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Point-of-sale malware used to steal 167,000 credit cards

Point-of-sale malware used to steal 167,000 credit cards

In the 19 months between February 2021 and September 2022, two point-of-sale (POS) malware operators have stolen more than 167,000 payment records, mainly from the US, according to researchers at Group-IB. The researchers were able to retrieve information about infected machines and compromised credit cards by analyzing a command and control (C2) server used by the malware.

POS malware is designed to steal debit and credit card data from POS machines in retail stores. It does this by harvesting the temporarily unencrypted card data from the machine’s memory. Due to improved security measures against this type of theft in most countries, this type of malware isn't as widely used as it once was, although it never disappeared completely.

The malware

The researchers found badly configured control panels for two different strains of POS malware, MajikPOS and Treasure Hunter. A possible explanation is that the operatros started out using Treasure Hunter and adapted MajikPOS at a later time. This is likely because the source code for MajikPOS has been circulating on the Dark Web and it offers additional features compared to Treasure Hunter.

The basic ability of all POS malware is the same—to steal sensitive card payment details from the RAM of a POS device where the data can be found in an unencrypted form. But different families offer other options when it comes to persistence and processing stolen data.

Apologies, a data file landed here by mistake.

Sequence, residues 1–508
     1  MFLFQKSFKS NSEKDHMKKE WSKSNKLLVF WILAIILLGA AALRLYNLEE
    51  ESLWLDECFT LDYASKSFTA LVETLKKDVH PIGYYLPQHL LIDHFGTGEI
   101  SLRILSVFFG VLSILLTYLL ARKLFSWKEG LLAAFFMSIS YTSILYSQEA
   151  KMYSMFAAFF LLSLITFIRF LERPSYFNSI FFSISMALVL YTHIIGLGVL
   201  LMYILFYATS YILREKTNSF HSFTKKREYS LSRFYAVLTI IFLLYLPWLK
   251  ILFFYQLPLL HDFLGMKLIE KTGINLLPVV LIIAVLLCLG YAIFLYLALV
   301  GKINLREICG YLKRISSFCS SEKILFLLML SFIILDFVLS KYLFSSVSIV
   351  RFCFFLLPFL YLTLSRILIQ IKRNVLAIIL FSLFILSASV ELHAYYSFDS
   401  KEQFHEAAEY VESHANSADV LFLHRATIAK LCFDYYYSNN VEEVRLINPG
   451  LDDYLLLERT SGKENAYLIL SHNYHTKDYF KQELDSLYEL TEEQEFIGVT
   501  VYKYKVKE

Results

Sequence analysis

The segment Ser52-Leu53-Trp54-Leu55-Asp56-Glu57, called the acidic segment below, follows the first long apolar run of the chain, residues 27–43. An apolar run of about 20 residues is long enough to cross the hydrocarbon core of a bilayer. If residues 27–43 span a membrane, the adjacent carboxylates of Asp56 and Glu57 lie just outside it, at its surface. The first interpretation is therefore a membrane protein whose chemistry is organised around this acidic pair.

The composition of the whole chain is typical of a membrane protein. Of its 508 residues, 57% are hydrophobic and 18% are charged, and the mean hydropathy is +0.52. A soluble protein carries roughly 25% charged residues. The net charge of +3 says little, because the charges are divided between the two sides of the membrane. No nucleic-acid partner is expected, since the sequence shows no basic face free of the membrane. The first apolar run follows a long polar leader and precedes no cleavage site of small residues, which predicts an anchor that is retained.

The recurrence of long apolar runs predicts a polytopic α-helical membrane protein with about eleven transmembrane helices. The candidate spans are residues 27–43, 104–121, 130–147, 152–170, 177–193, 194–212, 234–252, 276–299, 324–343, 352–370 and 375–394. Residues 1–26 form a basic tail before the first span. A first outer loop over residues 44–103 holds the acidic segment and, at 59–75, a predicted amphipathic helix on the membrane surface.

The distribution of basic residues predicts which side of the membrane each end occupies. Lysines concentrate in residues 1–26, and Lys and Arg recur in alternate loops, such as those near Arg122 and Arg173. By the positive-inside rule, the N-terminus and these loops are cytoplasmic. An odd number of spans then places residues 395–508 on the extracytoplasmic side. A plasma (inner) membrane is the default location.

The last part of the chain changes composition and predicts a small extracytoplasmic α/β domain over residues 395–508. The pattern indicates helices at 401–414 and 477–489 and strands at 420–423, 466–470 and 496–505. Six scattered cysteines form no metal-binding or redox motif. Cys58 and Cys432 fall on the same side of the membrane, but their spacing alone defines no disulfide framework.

The machines targeted by the malware were found by scanning for remote desktop applications like RDP and VNC, and then guessing their passwords. Successfully guessing their passwords gave the attackers the same access to those computers as they would get if they were actually sat in front of them.

During the investigation, Group-IB specialists analyzed around 77,400 unique card dumps from the MajikPOS panel and about 90,000 from the Treasure Hunter panel. Most of the stolen cards were issued by US banks, and most of the infected POS terminals are located in the US.

The average price for a single card dump is around $20, so if the threat actors were able to sell the stolen dumps on an underground market, they could have made in excessive of $3 million.

Credit identity theft

Credit identity theft happens when a scammer steals your credit card data and uses it to make fraudulent purchases or obtains a credit card or loan under your name. According to the FTC, people who suspect they are the victim of credit identity theft should contact their bank or credit card company to cancel their card and request a new one. If you get a new card, don’t forget to update any automatic payments with your new card number.

To find out if you are a vicitm:

  • Review your transactions regularly, to make sure no one has misused your card.
  • If you find fraudulent charges, call the fraud department and get them removed.
  • Check your credit report at annualcreditreport.com.


All the usual, basic (and effective) security advice applies to POS device owners. If you operate POS machines:

  • Implement a plan for patching software in a timely manner
  • Protect passwords with two-factor authentication, preferably FIDO 2
  • Use a strong password policy and rate limiting to further protect passwords
  • Run endpoint security software with EDR to detect malware and intruders
  • Assign access rights according to the Principle of Least Privilege
  • Segment networks to slow down lateral movement